Grace Redefined Essay

Submitted By alwallace78
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Pages: 6

Grace Redefined Everyone has moments when they need grace extended to them and during these times their belief in grace is high and there is a sense of clarity. Then there are the times when the shoe is on the other foot and they must extend grace to someone who has wronged them and it is during these times when grace becomes blurry. After all do they not deserve justice for the wrong that has been done? Grace is a common term thrown around the Christian arena, but often the interpretation from one person to another can vary as much as the direction of the wind. The common factor Christians can agree upon is everyone needs grace. Defining grace though is the age-old debate. The definition of grace for this argument’s sake is an unearned, redeeming gift from God enabling humanity to succeed. The first element of grace lies within the realm of humanity’s worthiness of grace. Webster’s defines grace as unmerited divine assistance given humans for their regeneration or sanctification. The standard definition accepted amongst the Christian world comes from the Book of Common Prayer from the Anglicans, which says “Grace is God’s favor towards us, unearned and undeserved” (Gould 173). A Baptist theologian Augustus Strong purported salvation is “a matter of grace, or unmerited favor” (Gould 173). Even the Catholics echo the same sentiment with their definition of grace as “the free and unmerited favor of God as manifested in the Salvation of sinners” (Gould 374). Grace being unearned or undeserved favor is the common thread among the different schools of thought.
How then does bad things happen to good people? If grace is an unearned favor then why is there sickness or injustice in the world? If humanity is worthy of God’s grace, then why would he let evil happen? When God created the heavens and earth and everything in it, including mankind, he said it is good. Then because of mankind’s disobedience to the one rule God gave them, they were cursed and the good world God created was no more. Evil entered the world from the disobedience and fall of Adam and Eve. Therefore the response can be found in Jesus’ famous Sermon on the Mount, in Matthew 5:45 he says, “That ye may be the children of your Father which is in heaven: for he maketh his sun to rise on the evil and on the good, and sendeth rain on the just and on the unjust” (King James Bible). It is not so much that God purposes to cause pain and injustice in the world, but more so a result of the fallen state dating back to the days of Adam and Even.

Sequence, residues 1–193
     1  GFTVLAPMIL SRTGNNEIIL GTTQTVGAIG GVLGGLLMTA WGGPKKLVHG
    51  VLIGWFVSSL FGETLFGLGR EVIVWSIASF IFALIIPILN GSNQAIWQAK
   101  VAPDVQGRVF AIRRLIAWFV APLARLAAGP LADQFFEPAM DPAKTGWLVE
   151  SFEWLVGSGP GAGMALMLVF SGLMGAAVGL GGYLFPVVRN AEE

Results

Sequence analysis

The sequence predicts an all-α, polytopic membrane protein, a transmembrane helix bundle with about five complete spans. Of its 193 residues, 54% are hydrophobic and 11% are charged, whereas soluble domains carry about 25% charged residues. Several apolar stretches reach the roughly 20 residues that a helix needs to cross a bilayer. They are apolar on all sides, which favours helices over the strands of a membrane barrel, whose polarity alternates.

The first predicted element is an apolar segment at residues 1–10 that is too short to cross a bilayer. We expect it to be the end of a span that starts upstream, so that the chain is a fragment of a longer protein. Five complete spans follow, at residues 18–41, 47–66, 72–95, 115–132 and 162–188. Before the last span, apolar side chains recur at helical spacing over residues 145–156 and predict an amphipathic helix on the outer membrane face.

However, because of God’s grace He created a way to woo mankind back to him. The second defining characteristic of grace is it’s redeeming power. Grace could be better understood by the acronym God’s righteousness at Christ’s expense. But what exactly does that mean? When Adam and Eve fell in the garden, they deserved death because God told them if they ate of the Tree of Knowledge of Good and Evil that they would surely die. Yet, God did not keep his promise of death to them, instead he banished them from the garden and all the blessings it encompassed. When mankind deserved justice, God instead chose His goodness attribute to redeem humanity back to Him. The path He chose for redemption was through the sacrificial offering of His Son—Jesus Christ. Through Christ’s death on the cross, He took away the sins of the world and reopened the door of relationship with God. The beauty of the redemptive plan of grace is Christ’s sacrificial death did not turn a blind eye to sin, but instead acknowledges sin without condemning the person. God does not condemn the world for their sin, but says I know what you did and it does not matter, I still love you.
A proper perspective is required to understand how God distributes grace. The next part of the definition of grace establishes grace as a gift (Dollard 12-13). Apostle Paul says, in Ephesians 3:7, “I became a servant of this gospel by the gift of God's grace given me through the working